PG&E Warns of Further Shutoffs Due to Dry, Offshore Wind

Rebekah Sager
October 21, 2019 - 5:39 pm
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Approximately 209,000 customers were notified of preemptory power shutoffs due to dry offshore winds starting late Wednesday evening.

PG&E released the below statement:

The potential safety shutoff is planned for varying start times depending on location beginning Wednesday evening and is expected to affect approximately 209,000 customers and may impact portions of 15 counties in the Sierra Foothills and the North Bay, including Amador, Butte, Calaveras, El Dorado, Lake, Mendocino, Napa, Nevada, Placer, Plumas, San Mateo, Sierra, Sonoma, Sutter, and Yuba.

Customer notifications via text, email and automated phone call began this afternoon, approximately 48 hours prior to the potential de-energization. Customers enrolled in the company’s Medical Baseline program who do not verify that they have received these important safety communications will be individually visited by a PG&E employee with a knock on their door when possible. A primary focus will be given to those customers who rely on electricity for critical life-sustaining equipment.

The sole purpose of a PSPS event is to reduce the risk of catastrophic wildfire ignitions. Windy conditions, like those being forecast later in the week, increase the potential for damage and hazards to the electric infrastructure, which could cause sparks if lines are energized. These conditions also increase the potential for rapid fire spread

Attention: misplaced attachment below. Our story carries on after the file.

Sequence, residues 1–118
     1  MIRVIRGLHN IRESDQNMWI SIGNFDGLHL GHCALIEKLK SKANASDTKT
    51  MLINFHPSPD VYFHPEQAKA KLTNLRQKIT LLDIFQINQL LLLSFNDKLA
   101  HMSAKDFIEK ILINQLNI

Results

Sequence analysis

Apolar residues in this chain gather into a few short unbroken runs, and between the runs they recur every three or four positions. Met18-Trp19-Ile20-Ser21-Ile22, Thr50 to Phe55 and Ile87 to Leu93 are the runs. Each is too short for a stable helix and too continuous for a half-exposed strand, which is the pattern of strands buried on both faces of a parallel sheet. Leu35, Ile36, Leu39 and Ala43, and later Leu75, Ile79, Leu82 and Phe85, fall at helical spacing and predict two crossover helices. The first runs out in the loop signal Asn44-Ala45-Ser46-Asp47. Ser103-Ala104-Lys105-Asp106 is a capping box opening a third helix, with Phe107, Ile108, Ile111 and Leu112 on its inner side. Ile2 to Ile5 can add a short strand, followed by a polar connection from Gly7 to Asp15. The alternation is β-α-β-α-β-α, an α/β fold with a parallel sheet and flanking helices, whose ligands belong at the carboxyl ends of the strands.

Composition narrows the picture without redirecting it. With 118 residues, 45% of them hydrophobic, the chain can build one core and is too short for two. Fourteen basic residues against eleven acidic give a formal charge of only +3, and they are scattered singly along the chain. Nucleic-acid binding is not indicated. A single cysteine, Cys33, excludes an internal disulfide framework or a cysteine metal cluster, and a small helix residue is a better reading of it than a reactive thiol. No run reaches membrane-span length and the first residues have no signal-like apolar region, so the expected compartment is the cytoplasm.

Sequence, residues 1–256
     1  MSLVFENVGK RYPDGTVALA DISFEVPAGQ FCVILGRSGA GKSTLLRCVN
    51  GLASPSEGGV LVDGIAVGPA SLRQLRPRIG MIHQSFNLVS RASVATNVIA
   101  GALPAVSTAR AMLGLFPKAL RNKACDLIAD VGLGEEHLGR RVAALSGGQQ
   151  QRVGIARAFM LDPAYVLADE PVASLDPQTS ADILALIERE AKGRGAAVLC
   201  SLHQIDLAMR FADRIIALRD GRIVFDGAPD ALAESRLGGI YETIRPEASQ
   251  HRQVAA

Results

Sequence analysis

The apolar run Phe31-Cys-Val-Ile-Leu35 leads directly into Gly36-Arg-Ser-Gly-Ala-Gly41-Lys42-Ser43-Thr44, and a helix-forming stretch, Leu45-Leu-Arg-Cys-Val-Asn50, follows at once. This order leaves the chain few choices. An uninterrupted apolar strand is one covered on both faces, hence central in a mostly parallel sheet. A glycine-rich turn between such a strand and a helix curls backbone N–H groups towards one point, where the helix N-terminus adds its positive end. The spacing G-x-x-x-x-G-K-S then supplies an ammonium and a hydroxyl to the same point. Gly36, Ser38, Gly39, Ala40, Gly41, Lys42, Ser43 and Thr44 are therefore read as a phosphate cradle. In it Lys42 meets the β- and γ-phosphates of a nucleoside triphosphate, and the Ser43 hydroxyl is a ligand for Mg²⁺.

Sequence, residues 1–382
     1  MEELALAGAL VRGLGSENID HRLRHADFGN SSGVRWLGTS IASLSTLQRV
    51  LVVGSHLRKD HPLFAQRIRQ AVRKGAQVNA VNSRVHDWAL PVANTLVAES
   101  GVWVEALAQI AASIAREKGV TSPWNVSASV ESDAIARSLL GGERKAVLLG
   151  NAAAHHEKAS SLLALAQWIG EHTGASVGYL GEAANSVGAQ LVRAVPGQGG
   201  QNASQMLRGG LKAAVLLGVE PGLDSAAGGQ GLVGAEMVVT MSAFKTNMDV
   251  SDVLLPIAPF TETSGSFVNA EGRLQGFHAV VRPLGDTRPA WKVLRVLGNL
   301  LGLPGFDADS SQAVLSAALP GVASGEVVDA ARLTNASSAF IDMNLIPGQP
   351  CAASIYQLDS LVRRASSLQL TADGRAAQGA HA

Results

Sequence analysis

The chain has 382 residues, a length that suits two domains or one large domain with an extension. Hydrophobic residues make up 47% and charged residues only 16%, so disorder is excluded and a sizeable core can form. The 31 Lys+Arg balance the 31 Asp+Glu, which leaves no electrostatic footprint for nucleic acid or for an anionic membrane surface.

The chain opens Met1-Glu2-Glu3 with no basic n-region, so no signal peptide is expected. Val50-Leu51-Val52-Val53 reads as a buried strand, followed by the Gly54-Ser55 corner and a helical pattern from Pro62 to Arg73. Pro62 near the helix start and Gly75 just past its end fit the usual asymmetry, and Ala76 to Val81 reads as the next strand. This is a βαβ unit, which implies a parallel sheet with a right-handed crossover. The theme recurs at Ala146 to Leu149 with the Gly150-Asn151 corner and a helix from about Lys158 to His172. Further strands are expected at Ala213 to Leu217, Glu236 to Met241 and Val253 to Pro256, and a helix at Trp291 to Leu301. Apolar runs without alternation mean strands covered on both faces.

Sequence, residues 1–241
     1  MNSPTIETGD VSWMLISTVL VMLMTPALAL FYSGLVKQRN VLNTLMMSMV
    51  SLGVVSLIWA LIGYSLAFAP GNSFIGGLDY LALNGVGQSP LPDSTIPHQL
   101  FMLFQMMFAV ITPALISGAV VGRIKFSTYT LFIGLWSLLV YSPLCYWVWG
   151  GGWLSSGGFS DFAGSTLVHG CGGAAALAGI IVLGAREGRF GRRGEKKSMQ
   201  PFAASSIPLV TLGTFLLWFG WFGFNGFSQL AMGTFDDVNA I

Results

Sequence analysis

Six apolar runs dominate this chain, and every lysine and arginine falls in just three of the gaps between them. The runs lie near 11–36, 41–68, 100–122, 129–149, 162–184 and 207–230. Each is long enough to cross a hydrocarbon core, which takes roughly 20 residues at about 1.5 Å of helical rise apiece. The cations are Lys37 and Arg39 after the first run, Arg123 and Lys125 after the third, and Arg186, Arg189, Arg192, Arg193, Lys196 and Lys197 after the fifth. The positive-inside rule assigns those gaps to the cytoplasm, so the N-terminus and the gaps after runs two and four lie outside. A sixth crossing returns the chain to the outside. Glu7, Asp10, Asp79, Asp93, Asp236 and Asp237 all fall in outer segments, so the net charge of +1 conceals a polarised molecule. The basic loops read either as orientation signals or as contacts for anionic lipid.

PG&E’s meteorological and operations teams continue to monitor weather models that show potential strong and dry offshore wind gusts that may exceed 55 mph late Wednesday evening through Thursday afternoon for portions of the Sierra Foothills. Gusts of 35-45 mph have been forecast for some North Bay counties, with some localized areas expected to experience 55 mph gusts.

State officials classify more than half of PG&E’s 70,000-square-mile service area in Northern and Central California as having a high fire threat, given dry grasses and the high volume of dead and dying trees. The state’s high-risk areas have tripled in size in seven years.

“The sole purpose of PSPS is to significantly reduce catastrophic wildfire risk to our customers and communities. We know that sustained winds above 45 mph are known to cause damage to the lower-voltage distribution system and winds above 50 mph are known to cause damage to higher-voltage transmission equipment. As we saw in the last PSPS event, we had more than 100 instances of serious damage and hazard on our distribution and transmission lines from wind gusts of this strength,” said Michael Lewis, Senior Vice President, PG&E Electric Operations.

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